Last year marked the tenth anniversary of Assassin’s Creed, the popular Ubisoft franchise that spans multiple games and console generations. But as with the historical events they depict, the path to reaching that milestone had some twists and turns - as well as a few failures.
During a presentation at the Game Developers Conference in San Francisco, creative director Jean Guesdon talked about how Ubisoft managed to keep the brand fresh and interesting for over a decade. It all started in 2007 with the original Assassin’s Creed on PlayStation 3, Xbox 360, and PC. Critics gave it mixed reviews, but the game sold well and was a technical showpiece for Sony’s and Microsoft’s then-current systems.
However, as Guesdon explained, it wasn’t until the sequel that they finally figured out what the brand should represent.
They identified the main gameplay pillars (including fighting and navigating the world) and spruced up the setting — Renaissance-era Italy in the case of AC2 — so that players would be excited about reliving history. The team also took the time to solidify the narrative structure of the universe and the multiple layers it contained: the game, the present day story with hero Desmond Miles, the Animus (the machine that allows characters to explore genetic memories), and the past.
And then Grand Theft Auto IV arrived. Guesdon said that the open-world blockbuster convinced Ubisoft management that they had to “beef up” Assassin's Creed 2 and increase its scope. But the studio needed more resources, so it enlisted the help of other Ubisoft teams for the first time, including Ubisoft Annecy in France, Ubisoft Singapore, and a second team in Montreal.
The hard work paid off. Assassin's Creed 2 was a huge improvement over the original game and is still considered one of the best entries in the series overall.
“At that moment, we knew what Assassin’s Creed was,” said Guesdon.
In the years that followed, Ubisoft turned Assassin’s Creed into an annual franchise. It released sequel after sequel, each of which introduced new features. Some of these ended up appearing in multiple games (like the naval combat), while others were quickly abandoned after the first attempt (the tower defense sequences in Assassin's Creed: Revelations). The point, Guesdon emphasized, was to try new things to keep Assassin's Creed relevant.
That’s why, in 2010, Ubisoft established an ambitious transmedia strategy. Assassin's Creed-related stories could now be told in books, comics, and films. The team came up with a series bible with explicit rules so that other creators would know what they can or can’t do in their stories. According to internal marketing slides that Guesdon showed, the Canadian developer studied other successful franchises like Star Wars, James Bond, The Lord of the Rings, and Superman.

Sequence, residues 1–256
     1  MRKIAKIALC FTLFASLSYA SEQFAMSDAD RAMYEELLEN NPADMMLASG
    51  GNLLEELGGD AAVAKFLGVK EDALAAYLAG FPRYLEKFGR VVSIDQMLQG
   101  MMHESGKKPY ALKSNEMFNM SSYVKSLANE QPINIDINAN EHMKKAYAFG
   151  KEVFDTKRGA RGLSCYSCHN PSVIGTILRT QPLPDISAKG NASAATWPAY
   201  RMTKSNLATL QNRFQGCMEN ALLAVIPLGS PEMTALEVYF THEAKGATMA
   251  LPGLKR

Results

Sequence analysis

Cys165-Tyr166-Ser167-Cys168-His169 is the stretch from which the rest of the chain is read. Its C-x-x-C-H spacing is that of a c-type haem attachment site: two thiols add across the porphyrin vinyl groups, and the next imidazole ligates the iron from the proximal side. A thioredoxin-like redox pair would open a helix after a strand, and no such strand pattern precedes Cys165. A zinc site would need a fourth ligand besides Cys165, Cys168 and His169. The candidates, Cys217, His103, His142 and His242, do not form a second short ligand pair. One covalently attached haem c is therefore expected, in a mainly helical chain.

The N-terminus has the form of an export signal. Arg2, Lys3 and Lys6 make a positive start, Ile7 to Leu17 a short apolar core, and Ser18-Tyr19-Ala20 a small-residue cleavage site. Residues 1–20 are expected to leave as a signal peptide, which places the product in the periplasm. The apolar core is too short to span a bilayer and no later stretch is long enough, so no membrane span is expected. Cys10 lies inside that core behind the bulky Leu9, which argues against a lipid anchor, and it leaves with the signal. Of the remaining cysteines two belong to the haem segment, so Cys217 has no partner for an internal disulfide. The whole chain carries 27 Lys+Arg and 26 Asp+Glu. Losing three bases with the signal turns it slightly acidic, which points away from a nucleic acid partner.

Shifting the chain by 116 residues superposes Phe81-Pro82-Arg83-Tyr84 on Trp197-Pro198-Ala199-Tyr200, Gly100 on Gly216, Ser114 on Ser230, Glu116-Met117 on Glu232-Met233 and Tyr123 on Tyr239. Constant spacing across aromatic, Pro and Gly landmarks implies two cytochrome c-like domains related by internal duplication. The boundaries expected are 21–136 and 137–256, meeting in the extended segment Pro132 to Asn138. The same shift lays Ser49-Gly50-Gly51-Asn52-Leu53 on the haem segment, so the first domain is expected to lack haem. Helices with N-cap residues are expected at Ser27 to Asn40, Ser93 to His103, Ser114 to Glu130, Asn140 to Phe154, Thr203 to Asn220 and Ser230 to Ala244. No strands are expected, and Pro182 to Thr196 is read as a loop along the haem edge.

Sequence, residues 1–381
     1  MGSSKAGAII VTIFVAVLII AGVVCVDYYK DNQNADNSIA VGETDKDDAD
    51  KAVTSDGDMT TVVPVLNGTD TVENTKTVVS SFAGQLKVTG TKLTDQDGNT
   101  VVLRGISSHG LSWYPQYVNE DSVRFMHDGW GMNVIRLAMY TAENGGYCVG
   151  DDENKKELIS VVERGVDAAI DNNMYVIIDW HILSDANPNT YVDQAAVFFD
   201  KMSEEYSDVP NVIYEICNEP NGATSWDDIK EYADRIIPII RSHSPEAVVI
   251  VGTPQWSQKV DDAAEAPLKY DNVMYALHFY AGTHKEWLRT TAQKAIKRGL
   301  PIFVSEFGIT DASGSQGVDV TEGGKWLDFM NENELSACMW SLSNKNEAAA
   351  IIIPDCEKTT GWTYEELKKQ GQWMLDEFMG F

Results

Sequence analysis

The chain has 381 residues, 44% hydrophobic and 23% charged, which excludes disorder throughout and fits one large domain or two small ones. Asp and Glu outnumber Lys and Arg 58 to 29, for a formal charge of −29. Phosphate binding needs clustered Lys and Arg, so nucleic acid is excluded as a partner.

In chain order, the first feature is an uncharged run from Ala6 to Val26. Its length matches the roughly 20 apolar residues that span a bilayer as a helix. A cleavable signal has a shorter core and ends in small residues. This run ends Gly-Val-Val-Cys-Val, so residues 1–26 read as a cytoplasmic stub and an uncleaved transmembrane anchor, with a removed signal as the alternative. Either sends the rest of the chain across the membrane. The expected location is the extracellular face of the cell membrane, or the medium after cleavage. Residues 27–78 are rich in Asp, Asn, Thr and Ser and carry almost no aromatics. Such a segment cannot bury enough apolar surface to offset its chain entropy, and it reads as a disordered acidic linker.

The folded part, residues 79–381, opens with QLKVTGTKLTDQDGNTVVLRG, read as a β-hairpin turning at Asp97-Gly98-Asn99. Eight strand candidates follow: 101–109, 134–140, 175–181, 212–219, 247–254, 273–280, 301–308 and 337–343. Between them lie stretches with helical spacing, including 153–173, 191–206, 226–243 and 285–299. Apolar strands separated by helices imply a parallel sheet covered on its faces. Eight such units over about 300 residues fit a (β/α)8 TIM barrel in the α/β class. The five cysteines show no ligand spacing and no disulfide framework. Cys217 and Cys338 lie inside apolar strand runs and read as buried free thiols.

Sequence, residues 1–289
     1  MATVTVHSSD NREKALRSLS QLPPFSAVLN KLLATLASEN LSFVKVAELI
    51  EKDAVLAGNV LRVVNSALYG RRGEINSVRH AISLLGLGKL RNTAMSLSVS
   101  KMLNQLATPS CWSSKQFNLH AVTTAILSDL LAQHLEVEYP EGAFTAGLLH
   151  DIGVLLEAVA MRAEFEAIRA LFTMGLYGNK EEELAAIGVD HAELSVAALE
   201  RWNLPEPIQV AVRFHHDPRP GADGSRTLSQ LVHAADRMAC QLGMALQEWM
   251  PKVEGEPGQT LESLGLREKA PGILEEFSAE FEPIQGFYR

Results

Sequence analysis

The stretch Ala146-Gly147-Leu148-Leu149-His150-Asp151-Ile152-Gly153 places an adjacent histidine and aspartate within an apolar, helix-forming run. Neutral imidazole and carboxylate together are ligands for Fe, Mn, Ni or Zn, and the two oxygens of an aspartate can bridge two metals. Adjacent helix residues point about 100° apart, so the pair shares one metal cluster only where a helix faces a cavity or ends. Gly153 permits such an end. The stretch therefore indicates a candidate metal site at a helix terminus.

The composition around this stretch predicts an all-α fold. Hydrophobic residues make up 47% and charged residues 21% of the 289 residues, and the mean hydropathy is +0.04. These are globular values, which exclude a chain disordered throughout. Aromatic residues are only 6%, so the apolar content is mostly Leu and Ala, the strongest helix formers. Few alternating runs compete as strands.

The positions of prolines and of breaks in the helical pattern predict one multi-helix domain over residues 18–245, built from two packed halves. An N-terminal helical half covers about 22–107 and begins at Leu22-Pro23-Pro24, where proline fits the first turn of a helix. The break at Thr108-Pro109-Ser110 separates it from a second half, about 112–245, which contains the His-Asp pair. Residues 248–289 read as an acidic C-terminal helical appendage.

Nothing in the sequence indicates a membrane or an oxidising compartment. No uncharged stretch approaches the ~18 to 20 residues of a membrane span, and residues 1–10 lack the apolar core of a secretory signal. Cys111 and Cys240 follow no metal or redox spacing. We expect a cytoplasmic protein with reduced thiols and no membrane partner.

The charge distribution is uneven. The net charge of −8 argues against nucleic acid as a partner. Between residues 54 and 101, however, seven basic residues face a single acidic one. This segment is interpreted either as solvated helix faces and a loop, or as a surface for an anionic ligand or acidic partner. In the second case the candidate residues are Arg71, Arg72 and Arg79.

It all culminated in the 2016 film that starred Michael Fassbender and Marion Cotillard — it was a critical and commercial flop. However, the creative director noted that Assassin’s Creed did help increase awareness of the brand around the world, most notably in Asia.
“Each product is [a standalone experience]. But as a collection, it makes the [intellectual property] bigger than the sum of its parts,” said Guesdon.
For the latest game, Assassin’s Creed: Origins, the developers knew that the series needed to change dramatically. But they wanted to do it without totally starting over. So they revamped the combat system and told a story about the beginning of the Assassin Brotherhood, making it easy for new players to jump onboard.
In a way, Ubisoft had been building up to Origin’s soft reboot for years. In Assassin's Creed: Revelations for example, the team killed off Desmond because he had, more or less, outlived his usefulness. He was vital for establishing the narrative in the early titles, but after five big adventures, Guesdon said his story was too “constricting.” Desmond represented just one of “potentially thousands” of stories in the Assassin's Creed universe, so it was time to let him go.
The studio had similar reasons for jettisoning Juno — the all-powerful being first introduced in Assassin's Creed: Brotherhood — to the comics. In a Q&A session that took place after Guesdon’s lecture, he explained that while hardcore fans wanted to know what Juno was up to, the rest of the audience didn’t really know or care about her. The team couldn’t justify using her as a major plot point in a new game. The only way they could “offer a sense of closure” was to tell the rest of her story somewhere else.
These and other changes over the last 10 years reveal a crucial factor about Assassin’s Creed’s ongoing success: It never stays in one place for long. Ubisoft and its many subsidiaries are constantly trying to reinvent the franchise with each new game, paving the way for even more merchandise and novelization tie-ins.
At the end of his talk, Guesdon gave one last piece of advice to the audience.
“Creation in general … is all about the Tai chi mentality. Be solid, know what you want to do. At the same time, be flexible so you’re able to adapt to opportunities and issues. And remain open so that you can work with others. who will help bring [new] solutions and ideas,” he said.